Stay in the know about wildlife, water quality, and ecosystems on Sanibel and Captiva Islands and in Southwest Florida

Letter from CEO

April 14, 2023
James Evans Headshot 1800

Dear Members and Friends of the SCCF Family,

Welcome to our Spring 2023 edition of Connecting You to Nature. We are excited to update you on the outstanding mission-driven work and community projects that SCCF, Sanibel Sea School, and Coastal Watch have been able to accomplish in the months following Hurricane Ian. The storm continues to present us with many challenges — from resuming essential services and rebuilding infrastructure to restoring wildlife habitat and protecting water quality.

The devastating winds and storm surge that battered our communities on Sept. 28, 2022, were stark reminders of the sheer strength of mother nature, and how quickly priorities can shift. Like most, SCCF was severely impacted by Hurricane Ian. Over one-third of our staff was temporarily or permanently displaced by the storm and many of our buildings, vehicles, and equipment were damaged or destroyed.

As the saying goes, when the going gets tough, the tough get going. The storm necessitated an immediate shift from our conservation work to a humanitarian effort to help those most impacted — and a broken Sanibel Causeway didn’t stop us. Despite staff facing significant challenges of their own, they lined up to board the RV Norma Campbell to assist first responders, transport equipment, and support our neighbors and friends in cleaning out their homes and businesses.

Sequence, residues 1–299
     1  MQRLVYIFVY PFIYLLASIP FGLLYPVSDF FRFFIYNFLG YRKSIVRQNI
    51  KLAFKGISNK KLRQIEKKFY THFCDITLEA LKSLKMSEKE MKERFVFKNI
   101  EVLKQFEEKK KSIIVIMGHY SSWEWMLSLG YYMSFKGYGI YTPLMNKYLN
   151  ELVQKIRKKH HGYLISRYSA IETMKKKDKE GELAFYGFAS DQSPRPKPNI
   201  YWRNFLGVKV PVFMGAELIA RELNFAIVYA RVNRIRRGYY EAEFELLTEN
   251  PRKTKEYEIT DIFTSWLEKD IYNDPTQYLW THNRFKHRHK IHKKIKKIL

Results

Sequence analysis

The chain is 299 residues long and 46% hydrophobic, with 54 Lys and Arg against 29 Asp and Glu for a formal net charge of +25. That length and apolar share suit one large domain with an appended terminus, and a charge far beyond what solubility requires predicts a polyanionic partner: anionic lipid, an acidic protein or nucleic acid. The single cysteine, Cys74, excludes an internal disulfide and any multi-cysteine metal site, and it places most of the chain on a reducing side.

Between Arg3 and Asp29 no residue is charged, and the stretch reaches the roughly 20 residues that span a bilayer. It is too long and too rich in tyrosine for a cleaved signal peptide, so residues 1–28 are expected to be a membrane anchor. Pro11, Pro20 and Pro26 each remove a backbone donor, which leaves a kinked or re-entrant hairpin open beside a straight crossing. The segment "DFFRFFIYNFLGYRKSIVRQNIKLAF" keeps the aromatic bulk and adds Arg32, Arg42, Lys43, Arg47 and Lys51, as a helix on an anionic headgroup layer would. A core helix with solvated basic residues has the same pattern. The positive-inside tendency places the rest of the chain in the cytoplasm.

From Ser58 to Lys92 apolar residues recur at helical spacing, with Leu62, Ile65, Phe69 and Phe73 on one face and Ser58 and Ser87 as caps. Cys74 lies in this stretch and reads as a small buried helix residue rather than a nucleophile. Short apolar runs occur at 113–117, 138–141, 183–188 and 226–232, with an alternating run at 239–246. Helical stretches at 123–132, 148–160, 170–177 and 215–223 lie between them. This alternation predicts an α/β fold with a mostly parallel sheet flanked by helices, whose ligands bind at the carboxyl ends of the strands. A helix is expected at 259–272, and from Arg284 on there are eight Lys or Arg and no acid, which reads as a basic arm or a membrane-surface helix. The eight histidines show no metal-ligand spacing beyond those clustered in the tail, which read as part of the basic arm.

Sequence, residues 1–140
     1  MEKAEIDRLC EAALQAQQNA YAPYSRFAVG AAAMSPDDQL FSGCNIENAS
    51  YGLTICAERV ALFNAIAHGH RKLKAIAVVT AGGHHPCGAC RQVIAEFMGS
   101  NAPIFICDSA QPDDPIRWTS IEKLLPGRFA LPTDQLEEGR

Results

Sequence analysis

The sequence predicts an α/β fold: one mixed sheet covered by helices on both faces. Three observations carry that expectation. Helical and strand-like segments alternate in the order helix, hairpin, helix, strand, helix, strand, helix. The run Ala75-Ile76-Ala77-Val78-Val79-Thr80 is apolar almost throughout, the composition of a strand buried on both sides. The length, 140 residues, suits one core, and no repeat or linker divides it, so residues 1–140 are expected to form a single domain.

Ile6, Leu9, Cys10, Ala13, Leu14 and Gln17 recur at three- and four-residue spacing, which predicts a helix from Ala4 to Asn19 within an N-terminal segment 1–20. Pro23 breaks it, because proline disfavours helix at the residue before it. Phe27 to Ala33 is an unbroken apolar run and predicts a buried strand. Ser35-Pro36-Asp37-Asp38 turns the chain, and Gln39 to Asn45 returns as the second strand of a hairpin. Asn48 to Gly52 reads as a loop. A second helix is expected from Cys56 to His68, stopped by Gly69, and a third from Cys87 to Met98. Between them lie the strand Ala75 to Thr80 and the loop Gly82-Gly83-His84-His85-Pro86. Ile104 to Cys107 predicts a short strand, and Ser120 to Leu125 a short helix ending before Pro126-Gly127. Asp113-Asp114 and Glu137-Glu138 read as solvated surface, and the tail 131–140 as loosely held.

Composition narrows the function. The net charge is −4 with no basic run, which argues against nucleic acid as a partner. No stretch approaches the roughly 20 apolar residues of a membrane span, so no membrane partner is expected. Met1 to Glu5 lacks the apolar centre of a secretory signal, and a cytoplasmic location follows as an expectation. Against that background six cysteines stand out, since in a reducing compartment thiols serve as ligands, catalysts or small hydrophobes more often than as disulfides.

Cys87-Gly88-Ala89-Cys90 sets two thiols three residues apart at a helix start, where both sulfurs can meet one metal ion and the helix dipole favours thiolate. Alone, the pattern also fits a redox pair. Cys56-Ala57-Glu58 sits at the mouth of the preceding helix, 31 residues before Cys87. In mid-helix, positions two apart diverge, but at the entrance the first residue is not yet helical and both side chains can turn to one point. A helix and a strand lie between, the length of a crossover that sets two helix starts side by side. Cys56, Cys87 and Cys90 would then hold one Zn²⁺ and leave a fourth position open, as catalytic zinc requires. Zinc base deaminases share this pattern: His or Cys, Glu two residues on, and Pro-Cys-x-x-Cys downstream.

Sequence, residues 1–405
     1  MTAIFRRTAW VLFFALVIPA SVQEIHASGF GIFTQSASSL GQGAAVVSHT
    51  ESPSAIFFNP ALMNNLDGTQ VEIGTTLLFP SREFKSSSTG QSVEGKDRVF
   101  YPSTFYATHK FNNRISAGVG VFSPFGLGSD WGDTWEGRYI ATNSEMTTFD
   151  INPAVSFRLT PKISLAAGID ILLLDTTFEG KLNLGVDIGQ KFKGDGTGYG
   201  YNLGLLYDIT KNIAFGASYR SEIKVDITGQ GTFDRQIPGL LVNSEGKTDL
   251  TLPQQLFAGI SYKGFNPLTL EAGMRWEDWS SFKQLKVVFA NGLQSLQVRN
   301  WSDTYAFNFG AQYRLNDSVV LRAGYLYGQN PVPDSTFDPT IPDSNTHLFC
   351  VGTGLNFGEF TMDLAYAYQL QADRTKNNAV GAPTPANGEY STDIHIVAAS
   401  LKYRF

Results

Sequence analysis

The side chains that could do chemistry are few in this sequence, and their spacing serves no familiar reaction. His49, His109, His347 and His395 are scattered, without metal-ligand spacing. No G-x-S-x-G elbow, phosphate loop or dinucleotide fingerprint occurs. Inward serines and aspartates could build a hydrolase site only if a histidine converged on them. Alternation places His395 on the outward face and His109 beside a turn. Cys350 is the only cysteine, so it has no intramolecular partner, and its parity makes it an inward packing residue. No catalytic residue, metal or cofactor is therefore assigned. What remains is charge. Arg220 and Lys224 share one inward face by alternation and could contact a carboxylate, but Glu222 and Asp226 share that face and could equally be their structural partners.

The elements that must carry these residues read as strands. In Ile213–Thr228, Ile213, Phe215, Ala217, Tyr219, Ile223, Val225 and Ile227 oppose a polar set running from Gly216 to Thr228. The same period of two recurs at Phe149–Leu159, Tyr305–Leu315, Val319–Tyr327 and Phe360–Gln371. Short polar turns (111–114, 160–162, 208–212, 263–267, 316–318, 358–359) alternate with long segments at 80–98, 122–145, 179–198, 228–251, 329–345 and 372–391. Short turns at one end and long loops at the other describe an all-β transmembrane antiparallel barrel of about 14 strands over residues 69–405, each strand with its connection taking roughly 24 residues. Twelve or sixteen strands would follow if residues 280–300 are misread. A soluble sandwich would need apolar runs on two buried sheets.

Hurricane Ian brought to light that we are a community that stands together in the face of monumental challenges, with various partners working as one. It tested the conservation principles that Sanibel and Captiva were built upon and measured the fortitude of our leaders to push back on development pressure that threatens our existence. It emphasized that climate change is not a concern for the future — the future is here, and we must build back in a way that makes us more resilient to future hurricanes.


It’s up to all of us to carry the torch forward and stand up for the special places in Southwest Florida that provide us with pristine beaches, bountiful waters to fish and recreate, a thriving economy, and — perhaps most importantly — essential habitat for our unique flora and fauna.

To our readers near and far, please take some time out from your own troubles and recovery efforts to read the stories of resilience in this issue. There are great examples of the work we hope you will support with a tax-deductible gift this spring.

With sincere gratitude,

James Evans

Chief Executive Officer


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